FRANKFORT, Ky. (KT) – State budget officials painted a bleak outlook for Kentucky’s financial situation for the fiscal year that began this month.
In other words, be prepared to tighten belts.
Two weeks ago, because of a $152 million shortfall, Gov. Matt Bevin implemented a 1 percent spending cut across most state agencies and renegotiated contracts with managed care organizations to fill the budget hole without dipping into the State’s Budget Reserve Trust Fund, the so-called “Rainy Day Fund.
It also underscored the critical need for fixing the state’s broken pension systems and modernizing the state’s tax code, Bevin said.
Greg Harkenrider, the deputy executive director of the Governor’s Office of Economic Analysis, told the Joint Committee on Appropriations and Revenue that the second half of the fiscal year is “where we’re going to have to make our hay as there will be opportunities for growth.”
The Consensus Forecasting Group predicted receipts this new fiscal year would grow 2.4 percent over 2017 and the state budget was based on that. However, with the shortfall, it will be tougher to reach, said State Budget Director John Chilton.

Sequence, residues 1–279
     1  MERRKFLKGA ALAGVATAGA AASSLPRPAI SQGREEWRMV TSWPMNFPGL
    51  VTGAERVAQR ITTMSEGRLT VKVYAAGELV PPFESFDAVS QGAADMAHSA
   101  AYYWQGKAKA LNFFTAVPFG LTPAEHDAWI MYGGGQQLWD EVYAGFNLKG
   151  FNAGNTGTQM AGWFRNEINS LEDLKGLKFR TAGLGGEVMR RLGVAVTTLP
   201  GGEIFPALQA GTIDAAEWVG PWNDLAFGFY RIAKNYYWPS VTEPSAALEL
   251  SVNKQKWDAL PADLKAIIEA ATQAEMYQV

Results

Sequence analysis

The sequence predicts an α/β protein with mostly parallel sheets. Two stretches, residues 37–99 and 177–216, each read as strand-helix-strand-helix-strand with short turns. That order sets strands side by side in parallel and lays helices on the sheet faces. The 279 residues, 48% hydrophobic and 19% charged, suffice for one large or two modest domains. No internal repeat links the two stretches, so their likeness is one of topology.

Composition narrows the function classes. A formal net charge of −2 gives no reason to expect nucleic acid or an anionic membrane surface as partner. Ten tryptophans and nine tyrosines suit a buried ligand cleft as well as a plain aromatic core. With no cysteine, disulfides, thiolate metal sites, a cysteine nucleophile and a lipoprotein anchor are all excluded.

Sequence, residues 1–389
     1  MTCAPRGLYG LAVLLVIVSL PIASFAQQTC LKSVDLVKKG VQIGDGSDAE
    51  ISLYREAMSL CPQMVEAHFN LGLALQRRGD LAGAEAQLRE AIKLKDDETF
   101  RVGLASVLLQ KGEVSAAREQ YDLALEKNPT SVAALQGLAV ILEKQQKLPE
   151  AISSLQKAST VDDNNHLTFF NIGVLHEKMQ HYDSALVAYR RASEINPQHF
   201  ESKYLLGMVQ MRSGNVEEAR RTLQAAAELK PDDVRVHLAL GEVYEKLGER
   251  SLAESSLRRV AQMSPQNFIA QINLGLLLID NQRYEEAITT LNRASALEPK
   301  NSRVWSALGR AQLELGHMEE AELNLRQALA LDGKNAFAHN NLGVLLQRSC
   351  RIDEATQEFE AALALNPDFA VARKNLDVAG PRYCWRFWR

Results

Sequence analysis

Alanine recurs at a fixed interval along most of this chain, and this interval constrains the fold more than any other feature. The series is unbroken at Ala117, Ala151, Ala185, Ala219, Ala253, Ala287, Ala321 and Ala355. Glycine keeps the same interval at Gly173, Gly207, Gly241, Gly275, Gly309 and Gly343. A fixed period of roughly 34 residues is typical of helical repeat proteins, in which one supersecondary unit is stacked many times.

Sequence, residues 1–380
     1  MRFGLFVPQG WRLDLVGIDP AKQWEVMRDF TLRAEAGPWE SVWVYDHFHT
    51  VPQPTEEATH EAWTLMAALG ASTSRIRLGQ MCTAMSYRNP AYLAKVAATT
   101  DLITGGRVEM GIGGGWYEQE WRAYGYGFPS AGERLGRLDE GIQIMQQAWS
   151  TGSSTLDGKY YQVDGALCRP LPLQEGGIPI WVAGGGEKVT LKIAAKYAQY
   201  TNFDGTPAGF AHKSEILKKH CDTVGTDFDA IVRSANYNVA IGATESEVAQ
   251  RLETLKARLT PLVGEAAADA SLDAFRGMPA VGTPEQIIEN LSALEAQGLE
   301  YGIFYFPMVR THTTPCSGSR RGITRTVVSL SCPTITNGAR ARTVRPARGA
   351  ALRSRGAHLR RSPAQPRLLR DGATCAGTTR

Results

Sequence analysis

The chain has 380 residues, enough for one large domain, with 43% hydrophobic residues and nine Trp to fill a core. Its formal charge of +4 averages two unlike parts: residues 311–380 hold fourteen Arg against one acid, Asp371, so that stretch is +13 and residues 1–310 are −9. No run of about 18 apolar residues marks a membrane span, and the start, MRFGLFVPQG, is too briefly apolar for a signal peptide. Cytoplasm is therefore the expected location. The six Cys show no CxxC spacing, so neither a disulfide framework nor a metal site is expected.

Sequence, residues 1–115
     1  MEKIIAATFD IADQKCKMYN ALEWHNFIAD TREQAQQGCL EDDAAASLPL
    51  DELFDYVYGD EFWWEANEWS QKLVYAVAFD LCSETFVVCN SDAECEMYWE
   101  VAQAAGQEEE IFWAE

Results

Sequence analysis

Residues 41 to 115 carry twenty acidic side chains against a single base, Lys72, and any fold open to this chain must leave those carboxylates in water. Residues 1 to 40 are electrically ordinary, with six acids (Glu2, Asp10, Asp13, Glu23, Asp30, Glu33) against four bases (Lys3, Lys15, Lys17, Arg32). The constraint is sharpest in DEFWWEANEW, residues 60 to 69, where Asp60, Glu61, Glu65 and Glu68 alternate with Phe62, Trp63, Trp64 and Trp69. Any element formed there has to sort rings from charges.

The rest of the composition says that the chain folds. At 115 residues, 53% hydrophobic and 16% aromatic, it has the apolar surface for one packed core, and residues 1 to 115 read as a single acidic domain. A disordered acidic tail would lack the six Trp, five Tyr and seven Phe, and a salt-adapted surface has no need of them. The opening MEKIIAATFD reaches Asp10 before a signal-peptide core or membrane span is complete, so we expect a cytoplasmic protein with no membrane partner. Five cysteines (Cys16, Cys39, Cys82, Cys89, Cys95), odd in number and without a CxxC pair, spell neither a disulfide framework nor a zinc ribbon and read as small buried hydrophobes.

“In order to reach the dollar amount they estimated, there needs to be 3.8 percent growth this entire year. That’s a high hurdle to get over,” Chilton said.
State pensions and Medicaid are taking an increasing share of General Fund spending, making up a combined 19 percent in FY 2008 but rising to nearly 30 percent in FY 2017 with forecasts expecting it to reach 31 percent this year, Chilton said.
He said the public pensions remain severely underfunded, which is why the governor plans to call a special session of the General Assembly later this year.
“It’s $35 billion underfunded, based on assumptions made at the end of the 2016 fiscal year. Using very conservative assumptions, the underfunding might be as large as $82 billion,” Chilton said.
Rep. Jim Wayne, D-Louisville, called the outlook ugly.
“We’re really on a road you might say we’re sharing with Detroit and Puerto Rico. That’s something all of us legislators need to really understand,” he said. “This is a major fiscal crisis that we are facing in this Commonwealth. We need to work in collaboration with our governor.”
That could mean tax increases which are never popular positions for elected officials. But Wayne said something must be done immediately.
“And if that means putting my re-election on the table so I can save this Commonwealth, I’m going to do that, because that’s more important,” he said. “The good of our people is more important than any seat I might occupy in the House or Senate.”
Bevin has not announced when he will call the special session to address public pension and tax reform.